Bleeding Zero – Pain and Fiction (Revalve Records)

Monday, 17th January 2022
Rating: 7/10

Bleeding Zero is an Italian trio of musicians who aim for a multi-genre approach to their sound for this debut full-length Pain and Fiction. Encompassing everything from gothic and symphonic metal to classical and operatic elements, you can expect a variety and versatility that ensures plenty of dynamic diversity over the course of these twelve tracks and almost hour-long playback time. The ability for the band to grab from various subgenres and execute often within the same track can be a blessing or a curse – depending on the atmosphere and flow of ideas you are taking in.

Operatic choirs appear against some progressive textures during “Sappho’s Leap” – a song that starts off very quiet with keyboards before the guitars kick into gear into a solid mid-tempo driving riff, the twists and turns recalling everything from Lacuna Coil to Sirenia. Orchestration that yields flute, harp, and deep classical accents fuels “Ecce Ancilla Musae” – the Italian-sung lyrics where vocalist/composer Rachele ‘Olympia’ Manfredi gains confidence in vibrant registers for her rock potency and operatic elegance. The more commercial angles for the guitar/keyboard hooks during “Bliss of the Sea” will find favor for most Nightwish followers – understated ambiance during the verses which builds into a tremendous choir-fueled chorus as well as an emotive, circular lead guitar break. The occasional folk-like elements that crop up time to time (opener “Terra Nova” a prime example) also give Bleeding Zero that instantaneous hook appeal – while the battle between orchestration and metal instrumentation often seesaws between the 50/50 mark, although the guitar work has that bluesy, sophisticated edge to make “The Seal and the Siren” another standout.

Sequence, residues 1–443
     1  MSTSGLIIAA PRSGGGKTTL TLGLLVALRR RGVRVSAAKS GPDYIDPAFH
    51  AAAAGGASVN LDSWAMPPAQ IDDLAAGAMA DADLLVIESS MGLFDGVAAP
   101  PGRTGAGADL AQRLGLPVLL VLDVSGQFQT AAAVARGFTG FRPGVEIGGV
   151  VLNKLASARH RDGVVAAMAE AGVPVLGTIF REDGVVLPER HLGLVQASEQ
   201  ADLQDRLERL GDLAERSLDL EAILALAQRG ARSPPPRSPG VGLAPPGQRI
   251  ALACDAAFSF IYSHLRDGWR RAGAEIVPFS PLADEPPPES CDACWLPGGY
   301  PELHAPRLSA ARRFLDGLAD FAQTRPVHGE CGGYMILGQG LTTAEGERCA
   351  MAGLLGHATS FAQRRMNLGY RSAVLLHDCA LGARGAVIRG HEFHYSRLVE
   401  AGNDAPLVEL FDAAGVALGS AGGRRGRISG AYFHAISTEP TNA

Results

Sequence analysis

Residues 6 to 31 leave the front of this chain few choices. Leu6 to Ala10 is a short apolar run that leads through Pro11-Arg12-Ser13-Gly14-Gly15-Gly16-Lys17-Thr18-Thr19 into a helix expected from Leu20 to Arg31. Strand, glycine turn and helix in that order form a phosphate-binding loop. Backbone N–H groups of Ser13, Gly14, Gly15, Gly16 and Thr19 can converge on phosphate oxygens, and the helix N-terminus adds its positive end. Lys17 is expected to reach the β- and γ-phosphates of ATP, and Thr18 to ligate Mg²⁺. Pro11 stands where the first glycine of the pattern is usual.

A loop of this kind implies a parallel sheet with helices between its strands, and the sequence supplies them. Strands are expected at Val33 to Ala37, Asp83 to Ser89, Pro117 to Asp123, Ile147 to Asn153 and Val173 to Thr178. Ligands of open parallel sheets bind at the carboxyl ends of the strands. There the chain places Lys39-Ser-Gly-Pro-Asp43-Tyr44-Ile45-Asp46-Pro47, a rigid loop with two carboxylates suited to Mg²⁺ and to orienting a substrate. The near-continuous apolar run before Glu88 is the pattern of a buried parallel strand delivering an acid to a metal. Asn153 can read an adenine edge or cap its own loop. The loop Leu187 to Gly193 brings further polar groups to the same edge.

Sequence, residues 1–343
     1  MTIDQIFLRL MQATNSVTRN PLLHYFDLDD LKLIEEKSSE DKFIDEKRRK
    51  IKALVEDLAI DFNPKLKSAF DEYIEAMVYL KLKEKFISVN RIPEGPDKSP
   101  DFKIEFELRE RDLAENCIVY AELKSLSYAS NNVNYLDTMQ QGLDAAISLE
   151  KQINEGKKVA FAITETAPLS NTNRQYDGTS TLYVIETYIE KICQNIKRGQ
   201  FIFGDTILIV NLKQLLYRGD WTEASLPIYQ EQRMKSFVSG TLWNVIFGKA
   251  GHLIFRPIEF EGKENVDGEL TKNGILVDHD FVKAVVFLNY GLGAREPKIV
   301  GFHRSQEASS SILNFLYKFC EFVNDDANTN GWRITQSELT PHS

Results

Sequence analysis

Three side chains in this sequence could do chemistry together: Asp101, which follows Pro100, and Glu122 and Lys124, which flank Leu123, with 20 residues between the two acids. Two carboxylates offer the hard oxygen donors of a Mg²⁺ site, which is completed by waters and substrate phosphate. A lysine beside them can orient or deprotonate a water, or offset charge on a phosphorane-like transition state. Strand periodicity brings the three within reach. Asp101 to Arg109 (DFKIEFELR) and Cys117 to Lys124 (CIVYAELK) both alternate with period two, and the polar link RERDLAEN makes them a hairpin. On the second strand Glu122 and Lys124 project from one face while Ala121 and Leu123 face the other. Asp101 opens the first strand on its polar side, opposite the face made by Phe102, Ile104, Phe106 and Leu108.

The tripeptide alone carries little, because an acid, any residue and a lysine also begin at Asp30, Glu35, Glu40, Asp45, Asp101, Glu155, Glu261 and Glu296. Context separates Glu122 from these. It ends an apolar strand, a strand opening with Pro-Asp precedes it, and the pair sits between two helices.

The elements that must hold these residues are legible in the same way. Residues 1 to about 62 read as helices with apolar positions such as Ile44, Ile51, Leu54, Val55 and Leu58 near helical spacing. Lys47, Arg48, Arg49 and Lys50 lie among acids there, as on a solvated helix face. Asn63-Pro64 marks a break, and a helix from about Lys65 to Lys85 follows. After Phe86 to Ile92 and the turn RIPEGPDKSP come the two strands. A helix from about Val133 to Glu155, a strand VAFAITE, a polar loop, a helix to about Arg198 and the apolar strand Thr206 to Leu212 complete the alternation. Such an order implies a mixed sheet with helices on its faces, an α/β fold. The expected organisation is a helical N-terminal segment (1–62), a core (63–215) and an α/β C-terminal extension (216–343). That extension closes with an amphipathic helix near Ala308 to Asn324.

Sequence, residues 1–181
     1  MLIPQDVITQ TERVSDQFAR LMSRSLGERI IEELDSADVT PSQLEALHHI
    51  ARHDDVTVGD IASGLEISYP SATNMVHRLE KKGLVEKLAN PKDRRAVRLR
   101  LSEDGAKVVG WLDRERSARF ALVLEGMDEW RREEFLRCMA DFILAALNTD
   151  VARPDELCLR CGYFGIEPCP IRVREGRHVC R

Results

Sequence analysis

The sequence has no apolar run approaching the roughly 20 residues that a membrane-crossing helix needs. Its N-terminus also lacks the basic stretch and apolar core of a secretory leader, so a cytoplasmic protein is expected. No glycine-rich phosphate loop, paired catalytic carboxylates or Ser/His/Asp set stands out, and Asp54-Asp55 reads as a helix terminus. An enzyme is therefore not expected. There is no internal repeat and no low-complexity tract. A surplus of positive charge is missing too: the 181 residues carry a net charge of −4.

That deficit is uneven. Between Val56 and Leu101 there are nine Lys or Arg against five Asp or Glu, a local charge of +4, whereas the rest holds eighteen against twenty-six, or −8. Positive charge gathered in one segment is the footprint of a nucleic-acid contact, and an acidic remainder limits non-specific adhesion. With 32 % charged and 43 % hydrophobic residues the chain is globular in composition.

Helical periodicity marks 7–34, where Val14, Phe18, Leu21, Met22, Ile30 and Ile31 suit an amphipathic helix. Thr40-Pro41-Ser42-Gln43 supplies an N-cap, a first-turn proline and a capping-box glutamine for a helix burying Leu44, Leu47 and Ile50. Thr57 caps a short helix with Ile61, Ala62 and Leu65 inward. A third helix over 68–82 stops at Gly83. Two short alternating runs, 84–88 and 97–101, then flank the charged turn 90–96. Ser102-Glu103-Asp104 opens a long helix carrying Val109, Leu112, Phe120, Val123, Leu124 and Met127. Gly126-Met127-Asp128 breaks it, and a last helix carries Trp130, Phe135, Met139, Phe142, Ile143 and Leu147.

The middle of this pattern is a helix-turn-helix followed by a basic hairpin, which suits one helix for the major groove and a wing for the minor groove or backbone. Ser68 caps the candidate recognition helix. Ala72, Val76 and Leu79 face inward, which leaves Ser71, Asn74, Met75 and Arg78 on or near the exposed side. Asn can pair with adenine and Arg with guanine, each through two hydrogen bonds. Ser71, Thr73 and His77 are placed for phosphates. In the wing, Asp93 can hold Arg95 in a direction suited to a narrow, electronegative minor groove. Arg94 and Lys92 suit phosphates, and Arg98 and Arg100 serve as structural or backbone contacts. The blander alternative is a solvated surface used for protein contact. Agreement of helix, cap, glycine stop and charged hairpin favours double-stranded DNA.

Recording in Italy while using Finnish mastering/production work from Tapani Rauha to round off the final sonic qualities, there’s a primal edge to the proceedings that makes things a bit rawer than one would normally expect from an act of this type. There is plenty to digest and process here – talent is present, you just wish they would key in a bit more on specific aspects instead of trying to throw four to six different elements at once to retain your interest. Bleeding Zero has a symphonic/gothic sound with more than adequate players and could grow comfortably into their own skin through more exploration and confidence by the next record.

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